Plus it makes you feel like a legit fantasy author. πŸ˜› Jk. Although it is pretty cool when readers exclaim over the map. I have my map framed to take to conventions and book signings. It’s drawn readers and in and has started more than one conversation (which most of the time lead to sales).

It was amazing to see my imagination on paper!

But maps aren’t the only things I’ll sketch. I’ve done battle plans, house and castle plans, at least one ship section. The same goes for these. It helps give you an even better sense of the setting you’ve created.

When it comes time to publish, don’t forget your map! The artist who did mine has studied cartography which came in very handy! Here’s one reference I know of that offers services for map making!

Now turning it over to you! What’s your favorite fantasy map? Do you create maps for your worlds?

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9 thoughts on “Indie E-Con: Mapping Your World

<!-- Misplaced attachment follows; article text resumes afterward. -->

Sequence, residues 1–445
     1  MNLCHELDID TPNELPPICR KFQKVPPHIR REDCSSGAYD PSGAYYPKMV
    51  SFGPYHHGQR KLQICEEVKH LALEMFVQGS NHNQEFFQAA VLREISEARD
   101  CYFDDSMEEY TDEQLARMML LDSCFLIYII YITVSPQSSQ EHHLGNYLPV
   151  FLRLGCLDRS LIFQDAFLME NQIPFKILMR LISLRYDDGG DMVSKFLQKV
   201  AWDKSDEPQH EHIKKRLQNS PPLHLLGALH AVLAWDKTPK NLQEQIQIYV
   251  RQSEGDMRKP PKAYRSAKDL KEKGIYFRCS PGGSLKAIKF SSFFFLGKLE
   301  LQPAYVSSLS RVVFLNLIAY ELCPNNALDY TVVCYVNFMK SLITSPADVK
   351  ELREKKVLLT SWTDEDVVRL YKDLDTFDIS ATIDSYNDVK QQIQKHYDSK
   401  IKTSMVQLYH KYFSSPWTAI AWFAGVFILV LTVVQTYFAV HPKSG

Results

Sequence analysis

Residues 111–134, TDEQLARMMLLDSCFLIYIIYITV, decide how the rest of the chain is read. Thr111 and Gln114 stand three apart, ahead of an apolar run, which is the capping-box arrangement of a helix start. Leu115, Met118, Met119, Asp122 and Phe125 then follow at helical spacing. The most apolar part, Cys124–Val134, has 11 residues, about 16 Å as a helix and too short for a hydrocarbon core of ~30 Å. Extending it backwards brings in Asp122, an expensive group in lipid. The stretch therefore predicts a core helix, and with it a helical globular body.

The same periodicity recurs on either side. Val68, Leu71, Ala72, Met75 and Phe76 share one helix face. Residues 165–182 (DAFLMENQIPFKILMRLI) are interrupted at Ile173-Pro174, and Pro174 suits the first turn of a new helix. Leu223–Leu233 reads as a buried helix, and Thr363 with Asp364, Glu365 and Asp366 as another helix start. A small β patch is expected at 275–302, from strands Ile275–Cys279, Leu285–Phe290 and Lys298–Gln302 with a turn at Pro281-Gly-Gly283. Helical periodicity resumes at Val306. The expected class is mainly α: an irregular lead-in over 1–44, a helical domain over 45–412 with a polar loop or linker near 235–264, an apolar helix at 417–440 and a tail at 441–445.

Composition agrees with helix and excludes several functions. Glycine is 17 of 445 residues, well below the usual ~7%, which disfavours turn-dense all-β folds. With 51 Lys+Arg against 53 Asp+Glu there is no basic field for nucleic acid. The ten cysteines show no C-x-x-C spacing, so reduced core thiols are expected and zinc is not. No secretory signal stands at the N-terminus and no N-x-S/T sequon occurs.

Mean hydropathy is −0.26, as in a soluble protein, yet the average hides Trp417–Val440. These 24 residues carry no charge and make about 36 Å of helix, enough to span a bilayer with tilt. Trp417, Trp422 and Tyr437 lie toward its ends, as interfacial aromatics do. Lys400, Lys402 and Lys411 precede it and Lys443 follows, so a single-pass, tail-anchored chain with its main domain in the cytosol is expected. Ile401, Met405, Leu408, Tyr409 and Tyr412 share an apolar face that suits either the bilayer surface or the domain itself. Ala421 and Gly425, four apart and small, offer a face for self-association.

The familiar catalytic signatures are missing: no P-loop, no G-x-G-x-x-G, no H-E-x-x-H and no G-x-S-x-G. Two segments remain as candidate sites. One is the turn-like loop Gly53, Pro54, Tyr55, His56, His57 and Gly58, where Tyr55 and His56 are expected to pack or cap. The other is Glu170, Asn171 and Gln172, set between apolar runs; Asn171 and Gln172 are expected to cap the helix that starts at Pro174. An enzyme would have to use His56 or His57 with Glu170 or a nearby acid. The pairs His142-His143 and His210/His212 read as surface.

1. Thanks so much for taking part in Indie e-Con, Claire!

    I’m not much of a mapper, though I’ve drawn … three. One for a post on Bookania (It’s on the Memorable Worlds posts that I did for The Ankulen’s promotion), one on a can of pumpkin pie for a Rizkaland Video, and then the one that I put at the back of WPFP.

    I’m not much of a mapper. I should probably utilize them more, but … um, I don’t want to bog myself down in planning and never write the book. (Seriously, I’ll do that.)

    Liked by 1 person

    • Hehe! I tend to shy away from a lot of planning myself. But I usually need maps to keep myself oriented. My current WIP has the characters off on a journey and I’d have them going around in circles if I didn’t have a map. lol!